13. The Plot of Fame and Good Taste

TransvestiteWhen the artist is rooted in private rituals, it becomes clear that she is not an agent for society, or some political movement, or the art galleries and art "experts", or even for her own individualistic imagination. Instead, she is an agent of gods, of dreams, of visions and myths. This causes reactions in society, especially when the piece is public. Karen Finley is criticized for limiting her audience because she offends them by her words, anger, nudity. An artist who is rooted in the private channels is not affected by this attempt to curb the power of the art by strapping it to audience acceptance and agreement. The power of a Karen Finley is the taboo-breaking energy she releases into society. This societal pressure to tame art down, which usually sounds very reasonable and comes even from liberal sources, is very hard for the artist to resist who is not familiar with the hidden channels of change.

BiAndBrianAnother example of society's attempt to rechannel the change coming from Shamanistic Art is what an "art expert" told me: "Your work is ... not art ... (because) it doesn't address the concerns ... (which are a) part of the current art dialogue, whether it be mainstream or 'alternative' ...curators and presenters are (not) obliged to show it." She went on to say that I should stay "in (my) own sphere", and that I don't need the public channels that galleries represent. Which is true. But galleries and the people who think what is in galleries is the full range of art need the artists, not the reverse. The magic of private performance is needed to expand the narrow, shallow river of "the current art dialogue", controlled both in content and depth by the art experts. Fortunately, there are galleries which are willing to go into the magical unknown represented by private performances.


I have debated with myself about stopping resisting the label SEXUAL. By insisting what I am doing is not sexual, I am opening myself up to people questioning my honesty and integrity. If I accept the sexual label, people would just have to decide whether or not they like sex in art -- decide whether it is art or not. JackieThat would be the depth of the questioning. They may feel uncomfortable seeing sex as art -- but that uncomfortableness would be just from breaking the taboo of sex -- which would not be that big of a deal. What I am doing is taking nudity and acts that are usually considered sexual and giving them a new, nonsexual context. That creates a tension, a conflict, an examining, a leap into something new. That is what I am after. This leap into newness is why people who are normally comfortable with casual nudity and casual sex sometimes get very uncomfortable with the nudity and eroplay in my work. By taking "sexual" acts and sincerely putting them in to a different context, it creates another reality, another way of relating. It also creates conflict with the normal reality -- and that conflict may change, in an underground sort of way, the normal reality. I think art -- or at least this kind of art -- should create conflict and change. And I like relating with people in the "unnormal" way in this different reality. This is why I do performance.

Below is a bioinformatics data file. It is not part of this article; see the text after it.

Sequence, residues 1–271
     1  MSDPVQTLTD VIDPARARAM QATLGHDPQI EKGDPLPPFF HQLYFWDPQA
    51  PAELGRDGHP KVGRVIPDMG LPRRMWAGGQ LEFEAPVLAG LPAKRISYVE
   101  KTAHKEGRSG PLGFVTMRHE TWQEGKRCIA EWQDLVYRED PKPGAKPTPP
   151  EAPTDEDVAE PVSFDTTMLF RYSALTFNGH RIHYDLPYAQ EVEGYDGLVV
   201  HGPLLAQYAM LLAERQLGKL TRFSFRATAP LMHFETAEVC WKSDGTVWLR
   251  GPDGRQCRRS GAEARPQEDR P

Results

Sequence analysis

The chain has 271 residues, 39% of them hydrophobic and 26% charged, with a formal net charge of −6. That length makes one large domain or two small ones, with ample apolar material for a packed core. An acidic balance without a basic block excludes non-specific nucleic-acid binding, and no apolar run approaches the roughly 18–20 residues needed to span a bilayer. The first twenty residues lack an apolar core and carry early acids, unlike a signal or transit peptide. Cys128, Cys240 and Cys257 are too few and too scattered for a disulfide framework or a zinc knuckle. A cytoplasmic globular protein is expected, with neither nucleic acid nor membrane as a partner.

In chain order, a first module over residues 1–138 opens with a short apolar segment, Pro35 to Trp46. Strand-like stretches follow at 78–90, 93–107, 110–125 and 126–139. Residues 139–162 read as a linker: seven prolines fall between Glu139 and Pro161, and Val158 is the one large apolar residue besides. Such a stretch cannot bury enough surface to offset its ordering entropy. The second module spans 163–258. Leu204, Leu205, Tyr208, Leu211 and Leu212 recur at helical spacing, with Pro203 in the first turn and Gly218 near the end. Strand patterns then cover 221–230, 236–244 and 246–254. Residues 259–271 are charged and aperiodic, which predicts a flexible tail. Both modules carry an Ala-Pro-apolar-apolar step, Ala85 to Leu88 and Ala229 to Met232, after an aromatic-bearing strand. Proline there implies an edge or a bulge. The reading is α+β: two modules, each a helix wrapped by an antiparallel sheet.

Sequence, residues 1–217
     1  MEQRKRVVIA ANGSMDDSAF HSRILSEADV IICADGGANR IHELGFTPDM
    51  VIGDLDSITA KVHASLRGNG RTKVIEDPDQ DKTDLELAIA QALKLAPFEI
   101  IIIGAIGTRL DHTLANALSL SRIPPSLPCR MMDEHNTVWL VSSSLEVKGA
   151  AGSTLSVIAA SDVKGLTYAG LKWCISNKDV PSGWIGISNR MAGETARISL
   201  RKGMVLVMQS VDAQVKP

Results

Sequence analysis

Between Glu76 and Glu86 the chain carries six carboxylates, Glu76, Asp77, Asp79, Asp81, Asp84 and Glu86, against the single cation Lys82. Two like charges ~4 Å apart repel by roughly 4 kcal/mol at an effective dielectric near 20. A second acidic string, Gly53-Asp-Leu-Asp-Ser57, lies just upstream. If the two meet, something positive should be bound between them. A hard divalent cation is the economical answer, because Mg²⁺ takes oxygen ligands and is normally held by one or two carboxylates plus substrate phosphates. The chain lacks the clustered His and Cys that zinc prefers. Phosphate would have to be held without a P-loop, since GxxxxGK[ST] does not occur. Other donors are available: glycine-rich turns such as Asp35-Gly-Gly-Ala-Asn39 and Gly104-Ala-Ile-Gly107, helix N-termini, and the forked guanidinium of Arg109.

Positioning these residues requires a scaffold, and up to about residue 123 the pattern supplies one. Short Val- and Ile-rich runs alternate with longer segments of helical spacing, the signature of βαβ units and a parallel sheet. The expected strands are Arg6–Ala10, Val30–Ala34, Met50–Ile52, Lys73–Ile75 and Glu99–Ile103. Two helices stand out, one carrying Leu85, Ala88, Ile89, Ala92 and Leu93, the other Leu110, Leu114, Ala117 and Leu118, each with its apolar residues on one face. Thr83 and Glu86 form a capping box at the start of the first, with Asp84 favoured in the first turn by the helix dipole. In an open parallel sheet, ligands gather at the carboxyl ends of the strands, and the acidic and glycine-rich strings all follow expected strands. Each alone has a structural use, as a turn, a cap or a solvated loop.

Rawness in itself is threatening because it opens the way for everyone to express their feelings directly. Rawness inspires. It breaks the chains of the rules.

Jackie The Construction WorkerThe show was in bad taste, was called "exploitive". What made it thus was not just what was done, but who was doing it...crips, women and other "untalented" unfortunates. The first assumption of the people who were offended was these were able-bodied actors making fun of crips; then, when it became clear we were real crips, the leap into dumbness was that someone was exploiting us. When they got it into their heads that we had created our own acts, the new way to deny our power was to say we were exploiting our own bodies. Forget nudity. Forget being sexual. Just by getting up onto the stage we were exploiting our own bodies. Women share this hidden yoke of suppression. By breaking this yoke, by offending a lot of people, the show released, inspired, and liberated a lot more. Artists and musicians come up to me today and say they saw the O.B.R. when they were kids and thought if we could do that, they could do what they dreamt.

But my cast saw none of this because I could not impart the vision to them. They saw the show as an outlet for their fantasies and creativeness. It was not very good theater that they did for fun. It was something that could be left behind because it was not important. This lack of a bigger vision of both the historical roots and the magical social impact spelled the end of the community.

All Photos: Dave Patrick

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